Looking after you, and the generations to follow
Do you own assets in the UK, but you now live overseas?
It is important that you make a Will for each country where you have assets
What are assets?
your home, and any other property you own.
savings in bank and building society accounts.
National Savings, such as premium bonds.
insurance, such as life assurance or an endowment policy.
pension funds that include a lump sum payment on death.
investments such as stocks and shares or investment trusts.
If you have assets in more than one country, or you are living in a different country to your assets, then you need an Expat Will.
Your assets must be probated in the country in which they are located. Probate is the process by which your Will is validated as your official Last Will and Testament, and by which your Executor is officially granted the powers to act as your estate administrator. Probate courts in each country will generally only accept a Will written under the laws of that country. So, presenting a Will written under the laws of Spain, to a probate court in England, is not going to work or will be very costly to your estate. . This is because as your UK assets will now pass under the laws of Spain as well as UK. This is why it is recommend that you prepare a Will for each country in which you hold assets.
If you are from the U.K. living abroad, and need a Will to cover your U.K. assets
If you are not from the UK but have assets in the UK
You will need a separate will for each country where you hold assets.
You must ensure that each will acknowledges the other and does not revoke each other.
Why do I need a Will?
Married? Without a Will your spouse or civil partner may not automatically inherit all of your estate.
Living with a partner? Without a Will the law treats you both as single and your partner would receive nothing.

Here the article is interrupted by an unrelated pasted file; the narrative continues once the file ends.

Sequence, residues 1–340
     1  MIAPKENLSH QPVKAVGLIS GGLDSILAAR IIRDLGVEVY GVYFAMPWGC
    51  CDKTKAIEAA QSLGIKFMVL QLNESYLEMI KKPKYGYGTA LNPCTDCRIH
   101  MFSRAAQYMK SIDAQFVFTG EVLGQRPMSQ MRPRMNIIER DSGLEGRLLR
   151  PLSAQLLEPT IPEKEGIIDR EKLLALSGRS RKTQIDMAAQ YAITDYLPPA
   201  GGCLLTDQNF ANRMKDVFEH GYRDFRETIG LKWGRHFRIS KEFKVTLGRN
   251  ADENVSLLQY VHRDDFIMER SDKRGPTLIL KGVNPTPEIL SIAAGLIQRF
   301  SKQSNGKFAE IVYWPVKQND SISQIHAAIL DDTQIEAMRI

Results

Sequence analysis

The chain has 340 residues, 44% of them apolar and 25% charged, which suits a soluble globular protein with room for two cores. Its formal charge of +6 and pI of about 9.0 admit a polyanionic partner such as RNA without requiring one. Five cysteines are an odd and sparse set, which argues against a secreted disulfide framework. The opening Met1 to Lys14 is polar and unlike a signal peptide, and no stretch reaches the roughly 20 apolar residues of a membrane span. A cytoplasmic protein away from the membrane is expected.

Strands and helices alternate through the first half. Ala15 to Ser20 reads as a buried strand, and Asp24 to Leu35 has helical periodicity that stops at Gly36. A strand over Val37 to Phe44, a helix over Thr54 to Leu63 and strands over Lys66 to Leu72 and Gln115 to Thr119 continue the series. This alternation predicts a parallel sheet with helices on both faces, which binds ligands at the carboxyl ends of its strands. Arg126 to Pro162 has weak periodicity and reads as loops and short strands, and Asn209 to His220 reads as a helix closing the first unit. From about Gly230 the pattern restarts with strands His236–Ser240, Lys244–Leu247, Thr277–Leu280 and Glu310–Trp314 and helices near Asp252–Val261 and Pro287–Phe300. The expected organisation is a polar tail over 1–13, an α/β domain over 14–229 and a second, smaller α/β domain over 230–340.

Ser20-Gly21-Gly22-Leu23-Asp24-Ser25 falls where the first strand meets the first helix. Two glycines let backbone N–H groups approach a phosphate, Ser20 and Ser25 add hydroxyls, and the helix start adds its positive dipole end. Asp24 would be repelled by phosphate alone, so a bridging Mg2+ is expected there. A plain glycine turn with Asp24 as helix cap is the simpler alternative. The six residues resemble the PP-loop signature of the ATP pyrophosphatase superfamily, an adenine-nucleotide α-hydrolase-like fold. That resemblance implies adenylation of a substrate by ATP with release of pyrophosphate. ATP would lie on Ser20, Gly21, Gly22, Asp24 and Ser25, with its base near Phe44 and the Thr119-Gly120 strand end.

Children from a previous relationship? If you are now married, children from a previous relationship may inherit nothing.
Property owner? You should specify who you wish to inherit or live in your property after you have passed away and consider protecting your share against possible care costs.
A grandparent? You may want to add your new grandchild to your Will so they inherit something directly from you.
Don't want the state to decide who inherits from me? Making a Will is the only way to put you in control. It allows you to name your beneficiaries and specify what you want them to inherit.
If you are currently living in Europe and have assets that will be affected by the end of the Brexit transition period 31st December 2020 where we will no longer be classed members of the European Union.
Updating Your Will .. change in circumstances
It is highly unlikely that you will only write your Will once in your life. Your own personal or financial circumstances may change, or there could be a change in the life of anybody named in your Will. If you get, divorced, or have children, then you need to update your Will. Marriage revokes any previous will unless it was made in contemplation of marriage. If one of your beneficiaries has a change of fortune, or your Executor has a health issue, you still need to update your Will.
You should update your Will after any major change in your life.
Are you separated or divorced?
Have you got married?
Had a child?
Acquired new assets?
There is no better time than now to write your Will.
Most people do not have a Will and the number of Expats with an up-to-date Will is even lower.
You may feel that the distribution of your assets is obvious, or that your assets are not significant enough to worry about.
Without a Will, you die intestate and the court will appoint an administrator on your behalf. Decisions will be taken out of your family and loved ones hands and distribution made according to the court.
The process is long and extremely costly and an addition emotional stress for your family and loved ones. This can be avoided by making a Will.
When making wills in separate countries, it's extremely important to advise each of your lawyers that you either intend to make, or have already made, a will in another country.
This is to ensure that your wills don't contradict each other or inadvertently revoke the other.